(b) The motion for rehearing. This is largely an application for reconsideration of the motion to reopen. The matters relied upon are the statements in the two Handy affidavits presented when the cause was argued. The defendants urge that the court overlooked, or misapprehended, or failed to grasp, the import of the representations embodied in those affidavits. Nothing was overlooked, but it may be that there was a failure to understand. If so, the infirmity persists.

 The motion to reopen was denied, as stated in the opinion, because the defendants offered no clear or convincing affirmative showing as to the chemical constituency of its film or coating. The opinion was already sufficiently long to render discussion of this subject superfluous, but perhaps a statement of what was then and is now thought should be made.

 The witness Handy deposed under date of October 4, 1933, that he had done various things with respect to coatings made under the teachings of the Flick patent "and of the Norden Article, as representative of the sulphuric acid coatings."

 The court was not called upon to make a decision concerning coatings made under the Norden Article; it was concerned with the coatings made by the defendants. What their process is has never been disclosed at any time, and elaborate protests were made concerning their right to guard trade secrets and formulae, on more than one occasion during the trial. No effort was made to correlate the defendants' electrolyte to the Norden article, and consequently results based upon the latter would not necessarily sustain opinions concerning the constituency of the defendants' coatings.For this reason all of Mr. Handy's statements concerning the defendants' coatings are thought to be based on opinion rather than demonstration. Mr. Handy's affidavit concludes with a statement headed "Results of Analyses." It says "The sulphuric acid electrolytes produce a coating of basic sulphate of aluminum, completely insoluble in water." That is an abstract statement, the logic being that since the defendants' coating is created by the use of a sulphuric acid electrolyte, the coating itself is a basic sulphate of aluminum.

 To that was opposed Dr. Frary's statement that his test of the defendants' coating convinced him that it is substantially aluminum oxide.

 A choice had to be made between these two averments, and the concrete statement was more convincing to the court than the logical abstraction.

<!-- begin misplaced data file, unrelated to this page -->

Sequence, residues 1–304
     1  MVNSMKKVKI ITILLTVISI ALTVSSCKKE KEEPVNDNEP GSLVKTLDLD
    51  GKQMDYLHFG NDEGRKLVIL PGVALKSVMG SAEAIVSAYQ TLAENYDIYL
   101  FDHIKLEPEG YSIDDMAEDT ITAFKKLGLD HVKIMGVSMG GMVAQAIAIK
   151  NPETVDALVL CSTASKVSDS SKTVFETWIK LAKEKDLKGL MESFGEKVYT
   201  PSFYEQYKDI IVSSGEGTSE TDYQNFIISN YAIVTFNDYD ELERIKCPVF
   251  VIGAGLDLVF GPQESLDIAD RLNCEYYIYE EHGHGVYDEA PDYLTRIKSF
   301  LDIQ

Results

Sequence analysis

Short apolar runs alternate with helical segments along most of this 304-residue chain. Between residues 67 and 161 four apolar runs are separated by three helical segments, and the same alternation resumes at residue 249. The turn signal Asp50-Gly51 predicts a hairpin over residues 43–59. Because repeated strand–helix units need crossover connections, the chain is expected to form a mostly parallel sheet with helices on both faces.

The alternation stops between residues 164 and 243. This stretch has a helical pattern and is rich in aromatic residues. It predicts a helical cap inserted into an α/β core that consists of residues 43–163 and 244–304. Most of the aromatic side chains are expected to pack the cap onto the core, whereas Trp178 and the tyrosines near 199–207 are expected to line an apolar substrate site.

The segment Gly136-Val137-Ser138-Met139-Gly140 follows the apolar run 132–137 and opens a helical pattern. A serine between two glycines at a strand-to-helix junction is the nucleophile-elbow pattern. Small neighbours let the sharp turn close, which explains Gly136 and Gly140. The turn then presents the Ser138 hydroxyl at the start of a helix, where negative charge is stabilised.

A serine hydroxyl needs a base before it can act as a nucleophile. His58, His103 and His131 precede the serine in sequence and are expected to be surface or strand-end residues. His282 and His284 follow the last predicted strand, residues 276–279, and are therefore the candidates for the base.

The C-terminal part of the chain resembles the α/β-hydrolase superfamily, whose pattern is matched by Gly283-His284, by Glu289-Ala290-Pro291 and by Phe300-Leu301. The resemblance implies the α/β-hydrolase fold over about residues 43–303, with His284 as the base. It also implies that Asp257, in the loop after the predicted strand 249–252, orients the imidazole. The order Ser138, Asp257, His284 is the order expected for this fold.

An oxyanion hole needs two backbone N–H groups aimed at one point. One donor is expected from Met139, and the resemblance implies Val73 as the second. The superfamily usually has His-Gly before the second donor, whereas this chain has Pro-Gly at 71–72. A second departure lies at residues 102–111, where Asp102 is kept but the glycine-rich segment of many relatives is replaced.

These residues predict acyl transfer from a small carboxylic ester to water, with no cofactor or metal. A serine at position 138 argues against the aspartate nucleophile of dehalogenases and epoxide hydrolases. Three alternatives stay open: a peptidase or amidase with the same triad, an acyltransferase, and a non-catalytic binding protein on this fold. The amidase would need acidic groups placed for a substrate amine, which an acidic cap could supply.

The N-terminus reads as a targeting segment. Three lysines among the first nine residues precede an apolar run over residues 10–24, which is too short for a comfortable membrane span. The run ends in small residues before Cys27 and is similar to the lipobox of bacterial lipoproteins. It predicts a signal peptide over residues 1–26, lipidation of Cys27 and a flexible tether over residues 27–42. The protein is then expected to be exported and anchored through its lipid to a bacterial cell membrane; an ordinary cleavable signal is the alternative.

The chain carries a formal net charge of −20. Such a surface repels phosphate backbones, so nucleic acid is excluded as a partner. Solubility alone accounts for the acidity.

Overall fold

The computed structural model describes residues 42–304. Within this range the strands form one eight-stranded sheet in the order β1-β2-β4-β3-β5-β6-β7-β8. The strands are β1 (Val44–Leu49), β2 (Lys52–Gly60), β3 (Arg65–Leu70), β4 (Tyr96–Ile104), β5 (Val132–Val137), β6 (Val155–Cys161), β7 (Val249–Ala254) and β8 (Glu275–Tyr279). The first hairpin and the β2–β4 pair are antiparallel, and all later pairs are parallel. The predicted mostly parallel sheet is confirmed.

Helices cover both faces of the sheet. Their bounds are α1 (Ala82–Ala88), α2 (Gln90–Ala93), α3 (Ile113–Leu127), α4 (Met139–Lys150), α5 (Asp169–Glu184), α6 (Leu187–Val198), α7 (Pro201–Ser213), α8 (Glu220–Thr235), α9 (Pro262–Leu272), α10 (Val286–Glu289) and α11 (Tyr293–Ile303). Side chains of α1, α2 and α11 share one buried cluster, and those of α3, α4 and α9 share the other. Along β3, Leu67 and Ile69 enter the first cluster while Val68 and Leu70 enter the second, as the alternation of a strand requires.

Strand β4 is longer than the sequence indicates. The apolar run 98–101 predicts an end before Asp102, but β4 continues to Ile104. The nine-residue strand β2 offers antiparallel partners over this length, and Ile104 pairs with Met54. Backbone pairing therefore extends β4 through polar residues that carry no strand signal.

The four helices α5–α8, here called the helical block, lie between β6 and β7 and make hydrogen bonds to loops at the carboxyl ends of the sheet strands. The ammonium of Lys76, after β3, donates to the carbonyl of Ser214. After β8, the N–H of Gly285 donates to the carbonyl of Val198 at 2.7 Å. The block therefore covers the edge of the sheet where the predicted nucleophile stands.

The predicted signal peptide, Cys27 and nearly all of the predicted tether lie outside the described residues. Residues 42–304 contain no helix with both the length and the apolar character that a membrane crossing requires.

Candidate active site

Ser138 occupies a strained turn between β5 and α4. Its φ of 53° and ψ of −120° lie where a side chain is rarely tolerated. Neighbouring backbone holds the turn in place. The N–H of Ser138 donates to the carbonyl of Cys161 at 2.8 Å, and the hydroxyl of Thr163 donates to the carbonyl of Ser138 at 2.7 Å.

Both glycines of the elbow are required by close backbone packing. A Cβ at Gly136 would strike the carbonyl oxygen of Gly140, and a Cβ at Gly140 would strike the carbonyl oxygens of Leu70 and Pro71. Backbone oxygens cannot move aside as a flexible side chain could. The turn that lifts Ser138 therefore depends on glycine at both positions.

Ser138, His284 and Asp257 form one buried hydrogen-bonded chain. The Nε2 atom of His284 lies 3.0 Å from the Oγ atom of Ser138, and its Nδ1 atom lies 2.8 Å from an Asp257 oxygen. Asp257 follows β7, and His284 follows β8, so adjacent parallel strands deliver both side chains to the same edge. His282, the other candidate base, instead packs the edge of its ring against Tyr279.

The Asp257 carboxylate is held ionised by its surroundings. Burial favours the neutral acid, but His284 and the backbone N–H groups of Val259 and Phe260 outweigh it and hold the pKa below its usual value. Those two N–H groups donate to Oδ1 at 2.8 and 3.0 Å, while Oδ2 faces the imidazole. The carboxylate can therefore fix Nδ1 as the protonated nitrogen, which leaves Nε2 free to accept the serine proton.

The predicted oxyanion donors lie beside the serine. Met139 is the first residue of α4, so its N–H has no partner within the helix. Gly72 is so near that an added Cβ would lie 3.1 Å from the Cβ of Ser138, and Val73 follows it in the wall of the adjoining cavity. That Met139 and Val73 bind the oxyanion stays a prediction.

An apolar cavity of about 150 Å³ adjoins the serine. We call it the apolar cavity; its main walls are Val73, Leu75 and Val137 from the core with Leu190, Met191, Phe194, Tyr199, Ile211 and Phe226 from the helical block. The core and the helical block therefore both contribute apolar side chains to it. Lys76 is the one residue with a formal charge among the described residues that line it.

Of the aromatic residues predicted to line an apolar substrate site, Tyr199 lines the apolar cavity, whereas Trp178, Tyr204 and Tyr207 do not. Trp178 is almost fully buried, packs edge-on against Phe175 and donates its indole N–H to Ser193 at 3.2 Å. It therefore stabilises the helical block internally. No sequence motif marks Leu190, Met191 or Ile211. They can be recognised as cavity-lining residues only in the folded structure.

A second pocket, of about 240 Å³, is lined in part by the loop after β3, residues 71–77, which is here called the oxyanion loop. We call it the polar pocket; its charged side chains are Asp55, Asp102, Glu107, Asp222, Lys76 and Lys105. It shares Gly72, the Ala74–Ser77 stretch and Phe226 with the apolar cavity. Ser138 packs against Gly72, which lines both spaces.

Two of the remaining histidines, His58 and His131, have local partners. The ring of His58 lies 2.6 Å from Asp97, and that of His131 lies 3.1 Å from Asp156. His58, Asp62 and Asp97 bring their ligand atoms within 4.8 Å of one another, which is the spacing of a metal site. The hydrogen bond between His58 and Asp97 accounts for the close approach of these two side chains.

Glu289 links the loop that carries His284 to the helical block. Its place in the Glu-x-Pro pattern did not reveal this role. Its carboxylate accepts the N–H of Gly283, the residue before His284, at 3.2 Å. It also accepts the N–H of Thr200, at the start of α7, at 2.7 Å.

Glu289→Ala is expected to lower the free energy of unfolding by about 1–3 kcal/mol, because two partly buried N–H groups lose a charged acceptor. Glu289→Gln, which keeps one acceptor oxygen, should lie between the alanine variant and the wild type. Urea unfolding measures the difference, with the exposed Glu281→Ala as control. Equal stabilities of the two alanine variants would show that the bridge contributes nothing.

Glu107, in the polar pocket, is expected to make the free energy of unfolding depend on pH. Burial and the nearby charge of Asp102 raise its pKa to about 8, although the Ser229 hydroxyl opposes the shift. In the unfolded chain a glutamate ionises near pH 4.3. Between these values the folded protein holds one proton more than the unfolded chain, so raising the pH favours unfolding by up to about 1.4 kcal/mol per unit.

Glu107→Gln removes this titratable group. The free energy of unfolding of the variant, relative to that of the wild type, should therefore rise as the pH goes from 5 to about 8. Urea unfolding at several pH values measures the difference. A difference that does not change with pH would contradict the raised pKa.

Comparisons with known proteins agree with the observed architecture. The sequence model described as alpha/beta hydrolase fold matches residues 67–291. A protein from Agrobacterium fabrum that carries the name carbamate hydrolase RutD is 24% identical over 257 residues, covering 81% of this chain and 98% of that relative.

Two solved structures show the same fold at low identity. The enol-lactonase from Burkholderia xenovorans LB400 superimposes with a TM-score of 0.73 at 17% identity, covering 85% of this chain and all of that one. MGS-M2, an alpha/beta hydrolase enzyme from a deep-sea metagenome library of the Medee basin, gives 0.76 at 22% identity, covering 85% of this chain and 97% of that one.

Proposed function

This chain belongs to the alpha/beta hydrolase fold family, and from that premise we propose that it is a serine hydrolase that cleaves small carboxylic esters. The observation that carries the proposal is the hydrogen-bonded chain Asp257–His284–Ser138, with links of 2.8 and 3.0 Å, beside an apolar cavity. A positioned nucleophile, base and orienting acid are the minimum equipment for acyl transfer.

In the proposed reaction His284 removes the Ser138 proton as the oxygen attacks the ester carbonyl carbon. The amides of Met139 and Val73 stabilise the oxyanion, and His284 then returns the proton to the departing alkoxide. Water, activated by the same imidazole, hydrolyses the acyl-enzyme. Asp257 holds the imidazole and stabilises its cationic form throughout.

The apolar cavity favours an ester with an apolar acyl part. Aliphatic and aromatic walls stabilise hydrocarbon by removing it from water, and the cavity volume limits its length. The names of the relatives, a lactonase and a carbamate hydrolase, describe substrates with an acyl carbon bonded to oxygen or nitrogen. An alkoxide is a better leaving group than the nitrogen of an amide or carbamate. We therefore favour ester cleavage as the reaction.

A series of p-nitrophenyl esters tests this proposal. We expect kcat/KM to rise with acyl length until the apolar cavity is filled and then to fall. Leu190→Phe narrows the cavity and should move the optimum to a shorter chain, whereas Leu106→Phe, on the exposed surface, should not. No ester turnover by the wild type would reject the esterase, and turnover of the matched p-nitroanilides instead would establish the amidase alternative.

The conclusion was somewhat aided by the complete reversal in testimony by the defendants' experts. They were quite sure on the trial that the defendants' coating was aluminum hydroxide. After the trial one of them was quite sure that it must be aluminum sulphate.

 After weighing all matters comprehended in the entire record the court deliberately concluded that the witness Frary had demonstrated his thesis more convincingly than the witness Handy. If that conclusion was erroneous, correction lies in appeal, not reargument.

 The motion for rehearing is denied.

 (c) The motion to dismiss the bill because of the nature of the disclaimer.

 This motion does not fall within any authority cited by the defendants. The disclaimer was filed before trial by over three weeks, and restricted in terms the process and the article, so as to embrace a film or coating formed by electrolytic action only. There had been no adjudication, preliminary or final, at the time, and it applied to the two claims in suit, namely, 5 and 10.

 The defendant thinks it should have also embraced claim 9, which describes an uncolored coating, while 10 describes one which has been dyed.

 Ensten v. Simon, Ascher & Co., 282 U.S. 445, 51 S. Ct. 207, 75 L. Ed. 453, is relied upon. In that case there had been an adjudication of invalidity from which no appeal had been taken, and the disclaimer was not filed until nearly two years had elapsed. That decision can have no bearing upon this case.

 The defendant argues that the disclaimer was a voluntary admission that claims 5 and 10 were invalid as allowed, and that, as 9 cannot be distinguished from 10 for present purposes, the failure to include the latter in the disclaimer must bring down upon the plaintiff the penalties discussed and applied in the foregoing case.

 Perhaps a word concerning the Flick patent should be interjected. It describes only an electrolytic process. No reference is made to a coating created as the result of a purely chemical reaction. Whether the disclaimer is to be deemed more than the narrowing of issues for trial is argumentative.

 The plaintiff has the right to rely upon the presumption of validity as to claim 9 which resides in the grant of its patent until there is a determination, finding or adjudication, to the contrary. When that time comes the necessity for disclaimer will be encountered as to that claim.

 The disclaimer as filed falls within the language of the Circuit Court of Appeals for the Second Circuit in United Chromium v. International Silver, 60 F.2d 913 at pages 914 and 915, certiorari denied 288 U.S. 600, 53 S. Ct. 319, 77 L. Ed. 976.

 The disposition of this motion is intended to indicate nothing more than that the necessity for disclaimer as to claim 9 cannot be adequately determined in this guise.

 The alleged fraudulent or oppressive conduct attributed to the plaintiff has not been demonstrated with any approach to legal sufficiency.

 Motion denied.

 Settle on notice separate orders denying each motion.